- Heat oven to 400 degrees F.
- Trim the top off the head of garlic to expose the cloves inside.
- Place garlic in a small lidded baking dish.
- Drizzle garlic with olive oil and sprinkle with salt.
- Cover garlic and roast for 30-45 minutes or until cloves are soft and lightly browned. Remove from oven and let cool before adding to bread dough.
FOR THE BREAD: Make the dough & first rise (1 Hour)
- Combine yeast, honey, and warm water in a large mixing bowl (you can also use a stand mixer fitted with a dough hook!) Let the yeast proof for about 5 minutes until the mixture is foamy.
- Add salt, rosemary, and roasted garlic to the bowl.
- Add flour to bowl a bit at a time and stir with a wooden spoon or stiff spatula until all flour is incorporated and ingredients have just come together to form a slightly shaggy dough.
- Drizzle dough with olive oil and turn the dough over to coat all sides. Cover with a clean tea towel and let rise on the counter for about 1 hour or until dough has doubled in size.
Shape the dough and final rise (30 minutes)
- When dough has doubled in size, lightly flour a large cutting board.
- Tip the dough out of the bowl and onto the cutting board. DON’T PUNCH THE DOUGH DOWN! We want to preserve all those nice air bubbles.
- Pull each corner of the dough into the center of the loaf one at a time as if you’re folding an envelope. Repeat this process 4-5 times until dough feels relatively stiff, then flip the dough over and lightly twist while pulling it towards you across the cutting board until you have a nice round loaf. (Watch our Easy Crusty French Bread video to see how we do this!)
- Flour a proofing basket or a small mixing bowl and place your loaf into it seam-side down. Cover with a clean tea towel and let rise for 30 minutes.
Heat the oven
- While your bread does its final rise, place an empty Dutch oven into your oven and heat to 450 degrees F.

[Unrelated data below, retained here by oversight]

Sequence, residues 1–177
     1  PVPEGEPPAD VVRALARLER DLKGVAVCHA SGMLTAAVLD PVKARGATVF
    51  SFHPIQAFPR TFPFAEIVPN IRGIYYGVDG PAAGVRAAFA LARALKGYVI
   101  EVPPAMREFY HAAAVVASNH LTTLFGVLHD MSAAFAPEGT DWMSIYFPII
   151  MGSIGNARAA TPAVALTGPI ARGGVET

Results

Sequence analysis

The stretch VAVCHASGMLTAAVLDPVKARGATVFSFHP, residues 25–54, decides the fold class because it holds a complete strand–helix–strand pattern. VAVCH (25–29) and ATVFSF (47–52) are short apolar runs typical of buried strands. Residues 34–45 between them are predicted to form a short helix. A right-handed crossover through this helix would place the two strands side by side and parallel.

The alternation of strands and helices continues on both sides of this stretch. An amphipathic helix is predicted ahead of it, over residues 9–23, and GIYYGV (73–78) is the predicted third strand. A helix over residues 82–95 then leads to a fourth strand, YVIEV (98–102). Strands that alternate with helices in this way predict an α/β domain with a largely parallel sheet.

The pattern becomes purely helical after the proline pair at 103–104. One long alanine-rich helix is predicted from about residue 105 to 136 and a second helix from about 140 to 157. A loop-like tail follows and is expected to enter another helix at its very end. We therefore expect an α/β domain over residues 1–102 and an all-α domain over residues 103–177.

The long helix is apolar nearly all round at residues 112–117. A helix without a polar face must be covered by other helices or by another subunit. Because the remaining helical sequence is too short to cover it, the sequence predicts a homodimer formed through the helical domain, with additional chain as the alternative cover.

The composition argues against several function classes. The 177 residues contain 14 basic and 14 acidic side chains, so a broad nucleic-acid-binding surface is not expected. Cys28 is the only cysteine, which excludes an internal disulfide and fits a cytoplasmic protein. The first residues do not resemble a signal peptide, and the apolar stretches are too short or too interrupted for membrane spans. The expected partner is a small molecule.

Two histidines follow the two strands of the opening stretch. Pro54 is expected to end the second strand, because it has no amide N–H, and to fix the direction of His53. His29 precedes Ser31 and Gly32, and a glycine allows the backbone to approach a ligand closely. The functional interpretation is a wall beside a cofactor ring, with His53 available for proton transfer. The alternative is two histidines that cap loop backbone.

- When the oven is hot, you’re ready to go! Use oven mitts to pull the Dutch oven out and remove the lid.
- Tip your bread dough gently out of the proofing basket back onto your floured cutting board. The seam side should face UP this time – that’s what gives it a nice crackly look on top! You can tip the bread onto a piece of parchment paper here to make it easier to lift the bread in and out of your Dutch oven if you like.
- VERY CAREFULLY (no burning yourself!) place the bread seam side up into your hot Dutch oven.
- Put your oven mitts back on, place the lid onto your Dutch oven, and slide the whole thing back into your hot oven.
- Cook bread for 30 minutes.
- After 30 minutes, remove the lid from your Dutch oven. The bread should be crusty and lightly browned. Continue cooking, uncovered, for 10-20 minutes more until the bread has deepened in color and you have a beautiful browned crust.
- When the bread is done, use oven mitts to pull the pot out of your oven.
- Use a long spatula to lift the bread out of the Dutch oven and onto a cooling rack. Let cool for at least 20 minutes before cutting into it.
- Slice, slather with butter, and enjoy!
Measuring Flour. If possible, use a baking scale here to measure your flour by weight (in grams)! No baking scale? No worries – use the cup measurements, but make sure you measure your flour correctly by scooping and leveling.
Ingredients and Equipment. We love our 5 1/2 quart Le Creuset Dutch oven here! We’ve also had great luck with this budget-friendly Dutch oven. If you’re worried about the plastic knob on your Le Creuset melting or breaking at high heat, you can replace it with a metal knob for relatively cheap! As always, please check the care instructions on your equipment. King Arthur Flour is our go-to flour for all our baking needs.
Use a piece of parchment paper to make it easier to lift your loaf in and out of your hot Dutch oven.
No Dutch oven? No problem! Check out our favorite tried-and-true ways to bake crusty bread without a Dutch oven in this tutorial.
You can double this recipe if you like – just keep an eye on the bread as it bakes and know that you may have to extend the bake time! I generally find an extra 5-10 minutes of bake time with the lid on and an extra 5 minutes or so with the lid off is plenty for a double loaf.
Store this bread as a full loaf or half loaf (place a half loaf cut-side down on a cutting board) uncovered on the counter for up to 24 hours or in an airtight container on the counter for 2-3 days. Avoid putting bread in the fridge – it will dry the bread out! Freeze sliced bread in an airtight container or airtight bag for 2-3 months and defrost as needed.
Additions and Substitutions. This recipe is very forgiving – mix it up however you like! Add more or less of the roasted garlic and fresh rosemary if you like. Use 1 Tablespoon dried rosemary in place of fresh. Use thyme (fresh or dried) in addition to or in place of the rosemary. Add 1/2 cup grated parmesan cheese if you like. Substitute 1/2 cup of wheat or rye flour for 1/2 cup of the all purpose flour if you like. Be sure to also check out our basic crusty bread and crusty asiago bread recipes!
Keywords: homemade, french bread, side dish